The slicing table-side of Peking duck at Chinese restaurants in Hong Kong is a form of dinner theatre to get behind. Photo: Nora Tam
Mouthing Off
by Andrew Sun
Mouthing Off
by Andrew Sun

Dinner and a show is dead – Peking duck carving, sizzling steaks, noodle pulling and flaming baked Alaskas is the food theatre we want

  • Food and performance have always gone hand in hand, but dinner theatre now seems passé, especially considering how seriously we take food in the social media age
  • But old food theatre is returning, with flambéed crepes and pasta in a cheese wheel back in vogue. Now let’s revive Peking duck carving and noodle pulling

Storied Hong Kong luxury hotel The Peninsula’s Felix restaurant has revived the glitter-ball glamour of ’70s disco by way of a dinner theatre show called Nights At Studio 54.

For those under 30, Studio 54 was the iconic New York nightclub famed for cocaine, orgies and celebrities, with A-listers from Andy Warhol and Bianca Jagger to Elton John making appearances at one time or another.

By all accounts, the show is fun and fabulous. But I wouldn’t know. Tickets are over HK$2,300 (US$295), and while that’s not an unreasonable amount to spend on a meal for some, for me that’s groceries for the entire month.

There are plenty of restaurants offering experiential dining for roughly the same price, but without the polyester white suits and Bob Mackie sequinned dresses. The theatre arrives on the plates created in the kitchen.

Nights at Studio 54 is an immersive dining experience at Hong Kong’s Peninsula hotel. Photo: Peninsula hotel

Dinner and entertainment have always gone hand in hand. We know of Madrigal feasts during the Renaissance with choirs and jesters. We assume Egyptian pharaohs, Chinese emperors, and Roman generals all liked to lounge around and be fed while dancers pranced about seductively – at least that’s how the movies portray things.

Dinner theatre as we know it reached its zenith in the United States in the 1970s with regional theatre circuits featuring fading Hollywood stars performing Neil Simon plays, movie adaptations, and Broadway musical numbers.

Diners being treated to Medieval-style entertainment at Medieval Madness. Photo: Getty Images

The 1980s saw the rise of a grander, immersive gastro experience as dinner-entertainment company Medieval Times built replica castles in a fantastical environment where families could enjoy jousting and sword fights while eating mediocre food.

Naturally, the spiritual home of the dinner-and-a-show format has to be Las Vegas. Its showgirls, magicians and rotating Rat Pack headliners have been replaced in recent years with acts like Cirque du Soleil, Magic Mike Live and Celine Dion.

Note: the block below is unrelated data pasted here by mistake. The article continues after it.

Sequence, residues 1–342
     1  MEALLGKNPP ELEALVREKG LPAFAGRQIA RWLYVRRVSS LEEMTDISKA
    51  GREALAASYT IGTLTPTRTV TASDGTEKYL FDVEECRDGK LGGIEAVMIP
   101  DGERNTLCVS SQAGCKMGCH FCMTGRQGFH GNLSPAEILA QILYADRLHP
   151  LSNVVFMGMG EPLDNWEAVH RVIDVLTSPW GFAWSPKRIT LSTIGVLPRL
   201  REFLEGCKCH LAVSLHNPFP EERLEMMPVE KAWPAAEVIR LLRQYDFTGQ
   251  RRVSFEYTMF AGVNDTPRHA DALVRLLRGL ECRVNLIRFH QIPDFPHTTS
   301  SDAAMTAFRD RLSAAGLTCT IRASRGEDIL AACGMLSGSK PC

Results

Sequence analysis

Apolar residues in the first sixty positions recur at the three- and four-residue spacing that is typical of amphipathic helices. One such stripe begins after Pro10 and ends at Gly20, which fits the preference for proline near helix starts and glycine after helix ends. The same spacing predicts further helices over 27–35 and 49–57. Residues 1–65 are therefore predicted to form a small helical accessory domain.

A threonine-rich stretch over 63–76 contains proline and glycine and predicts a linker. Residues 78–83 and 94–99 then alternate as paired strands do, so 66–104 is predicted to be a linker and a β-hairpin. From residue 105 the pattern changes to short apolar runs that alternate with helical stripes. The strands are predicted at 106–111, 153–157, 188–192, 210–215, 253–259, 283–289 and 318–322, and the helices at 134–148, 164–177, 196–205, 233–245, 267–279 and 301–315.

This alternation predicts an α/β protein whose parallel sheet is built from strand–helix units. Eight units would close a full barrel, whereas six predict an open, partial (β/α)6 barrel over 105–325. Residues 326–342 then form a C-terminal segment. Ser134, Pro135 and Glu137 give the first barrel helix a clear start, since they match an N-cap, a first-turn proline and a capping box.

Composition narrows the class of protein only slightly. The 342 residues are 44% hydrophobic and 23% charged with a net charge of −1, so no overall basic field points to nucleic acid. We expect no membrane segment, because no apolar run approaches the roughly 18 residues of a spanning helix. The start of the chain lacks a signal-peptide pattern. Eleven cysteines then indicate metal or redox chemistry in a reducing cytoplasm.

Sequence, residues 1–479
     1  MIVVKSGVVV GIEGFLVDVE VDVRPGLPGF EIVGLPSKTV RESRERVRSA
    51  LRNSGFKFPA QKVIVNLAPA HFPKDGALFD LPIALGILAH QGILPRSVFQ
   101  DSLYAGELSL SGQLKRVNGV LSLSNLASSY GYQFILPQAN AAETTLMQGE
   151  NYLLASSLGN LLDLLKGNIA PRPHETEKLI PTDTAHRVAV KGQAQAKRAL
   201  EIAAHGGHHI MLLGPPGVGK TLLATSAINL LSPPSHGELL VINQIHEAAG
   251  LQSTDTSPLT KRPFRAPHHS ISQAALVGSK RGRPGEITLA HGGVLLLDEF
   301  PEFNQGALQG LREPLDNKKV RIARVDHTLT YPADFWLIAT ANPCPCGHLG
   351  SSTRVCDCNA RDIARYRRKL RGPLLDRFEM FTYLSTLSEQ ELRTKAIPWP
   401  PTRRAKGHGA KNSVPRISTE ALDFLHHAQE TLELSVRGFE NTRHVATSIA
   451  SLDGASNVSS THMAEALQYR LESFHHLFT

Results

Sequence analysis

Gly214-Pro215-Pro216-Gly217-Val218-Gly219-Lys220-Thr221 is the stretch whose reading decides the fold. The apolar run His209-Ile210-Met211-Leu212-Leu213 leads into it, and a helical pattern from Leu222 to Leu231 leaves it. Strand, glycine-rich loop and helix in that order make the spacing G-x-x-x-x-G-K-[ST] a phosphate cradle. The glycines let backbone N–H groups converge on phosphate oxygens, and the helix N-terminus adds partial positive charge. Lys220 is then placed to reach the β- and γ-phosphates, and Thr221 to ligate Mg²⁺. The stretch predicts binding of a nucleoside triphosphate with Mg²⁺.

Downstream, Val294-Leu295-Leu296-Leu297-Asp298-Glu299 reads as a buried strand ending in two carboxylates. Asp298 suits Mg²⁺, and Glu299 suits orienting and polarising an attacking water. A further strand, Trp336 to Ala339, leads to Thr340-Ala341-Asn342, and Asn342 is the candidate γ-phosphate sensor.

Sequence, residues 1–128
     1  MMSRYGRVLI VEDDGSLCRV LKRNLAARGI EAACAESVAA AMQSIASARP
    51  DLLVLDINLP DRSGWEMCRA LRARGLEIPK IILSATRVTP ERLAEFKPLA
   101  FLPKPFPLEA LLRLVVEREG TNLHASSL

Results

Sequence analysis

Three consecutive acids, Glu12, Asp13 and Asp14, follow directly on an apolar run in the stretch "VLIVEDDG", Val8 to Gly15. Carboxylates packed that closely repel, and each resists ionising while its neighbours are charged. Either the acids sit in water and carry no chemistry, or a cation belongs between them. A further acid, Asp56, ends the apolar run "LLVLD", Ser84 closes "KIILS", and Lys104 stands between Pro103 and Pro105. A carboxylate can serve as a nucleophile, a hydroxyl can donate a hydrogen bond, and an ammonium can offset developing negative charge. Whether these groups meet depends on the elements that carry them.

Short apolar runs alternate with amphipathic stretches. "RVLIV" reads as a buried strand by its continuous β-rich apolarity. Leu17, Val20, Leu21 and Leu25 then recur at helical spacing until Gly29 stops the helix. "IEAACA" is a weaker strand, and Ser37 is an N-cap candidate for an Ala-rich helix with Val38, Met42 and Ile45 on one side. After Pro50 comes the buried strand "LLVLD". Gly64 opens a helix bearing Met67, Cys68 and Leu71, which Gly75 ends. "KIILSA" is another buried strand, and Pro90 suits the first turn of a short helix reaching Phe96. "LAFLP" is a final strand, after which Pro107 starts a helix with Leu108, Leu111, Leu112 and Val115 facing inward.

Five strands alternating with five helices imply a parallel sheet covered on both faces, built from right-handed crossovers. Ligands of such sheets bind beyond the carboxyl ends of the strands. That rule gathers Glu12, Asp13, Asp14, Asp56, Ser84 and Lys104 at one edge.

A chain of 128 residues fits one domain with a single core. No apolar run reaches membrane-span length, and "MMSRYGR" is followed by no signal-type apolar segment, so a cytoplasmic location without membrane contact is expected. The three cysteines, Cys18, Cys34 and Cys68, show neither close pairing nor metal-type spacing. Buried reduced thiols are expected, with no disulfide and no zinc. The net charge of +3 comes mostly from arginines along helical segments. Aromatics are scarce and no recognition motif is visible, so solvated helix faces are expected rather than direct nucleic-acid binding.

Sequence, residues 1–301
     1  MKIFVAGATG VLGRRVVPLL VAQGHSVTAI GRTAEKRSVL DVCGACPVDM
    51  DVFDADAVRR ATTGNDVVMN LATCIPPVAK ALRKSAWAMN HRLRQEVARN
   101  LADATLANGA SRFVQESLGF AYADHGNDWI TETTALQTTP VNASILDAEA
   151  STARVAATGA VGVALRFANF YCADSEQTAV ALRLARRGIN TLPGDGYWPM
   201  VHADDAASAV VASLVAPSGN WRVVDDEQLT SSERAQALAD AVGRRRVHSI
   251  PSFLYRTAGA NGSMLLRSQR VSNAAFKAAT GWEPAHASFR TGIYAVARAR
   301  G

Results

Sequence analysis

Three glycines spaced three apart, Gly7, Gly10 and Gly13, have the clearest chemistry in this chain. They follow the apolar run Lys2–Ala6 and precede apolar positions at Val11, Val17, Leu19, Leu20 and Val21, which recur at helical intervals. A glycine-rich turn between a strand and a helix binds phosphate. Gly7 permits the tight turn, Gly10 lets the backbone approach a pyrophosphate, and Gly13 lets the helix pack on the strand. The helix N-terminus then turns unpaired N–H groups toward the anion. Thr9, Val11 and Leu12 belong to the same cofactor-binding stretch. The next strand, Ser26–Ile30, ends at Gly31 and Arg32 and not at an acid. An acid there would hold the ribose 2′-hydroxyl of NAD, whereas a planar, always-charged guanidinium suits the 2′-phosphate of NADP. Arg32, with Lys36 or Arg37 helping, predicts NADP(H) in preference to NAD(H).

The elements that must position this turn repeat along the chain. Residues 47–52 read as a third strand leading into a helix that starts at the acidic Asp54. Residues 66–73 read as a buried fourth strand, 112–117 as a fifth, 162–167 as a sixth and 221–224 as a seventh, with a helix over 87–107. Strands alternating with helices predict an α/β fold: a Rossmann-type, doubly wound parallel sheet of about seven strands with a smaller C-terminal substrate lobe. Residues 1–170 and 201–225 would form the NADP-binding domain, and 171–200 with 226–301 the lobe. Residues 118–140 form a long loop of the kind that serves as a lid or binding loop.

The thing is, no chef who takes his or her cooking seriously would be caught dead working in a dinner theatre. A real Escoffier disciple would expect their food to be dramatic and theatrical enough.

Guests attending the grand opening of Magic Mike Live in Las Vegas, in 2021. Photo: Getty Images

Molecular gastronomy contributed a lot to theatrical plating. Liquid nitrogen smoke, food as foam, and desserts disguised as unusual objects certainly made fine dining fun for a while.

The chef’s table has become the new front row on which to interact with celebrity head chefs. If you’re lucky you might get to see someone like Alvin Leung yell and scream at his team.

I’m not sure if dinner theatre will ever regain popularity with the masses except on cruise ships and at casino resorts. We take food appreciation far more seriously these days for entrées to be a background character in any evening of entertainment.

Chef Leung Chi-cheung at Hong Kong restaurant Peking Garden makes hand-pulled noodles. Photo: K.Y. Cheng

Every dinner course now needs to have some “wow” experiential appeal of its own. Whether that’s in the pouring of the jus or sauce, or serving food on the most unusual of plates – even pubs now commonly present their burger and fries on wooden planks – to entertain the eyes (and the phone camera) is as crucial to a chef’s repertoire as satisfying the stomach.

Lately, I’ve noticed that old-school tableside service seems to be coming back into vogue. My social media is full of crepes Suzettes being flambéed at new Hong Kong steakhouse Kilo.

Meanwhile, just-opened Hong Kong Italian-American restaurant Oro is promoting pasta presented in a Parmesan wheel, and baked Alaska set alight at the table, among their signatures. Only Hong Kong institutions like Hugo’s and Lawry’s did these things previously.
Beggar’s Chicken at Hong Kong’s Jade Garden restaurant.

I’m waiting for more Chinese restaurants to bring back tableside Peking duck slicing, noodle pulling performances, and beggar’s chicken being smashed by a mallet in front of guests. The sentimental part of me also wants to see steak delivered on sizzling iron plates again.

Having said that, for a real performance, dinner at any dai pai dong hawker stall or cooked food centre is pretty good too. The servers barking orders, the fire from the wok and the flash-fried cooking – that’s real theatre right there. I’m OK if I don’t get to boogie at the Peninsula.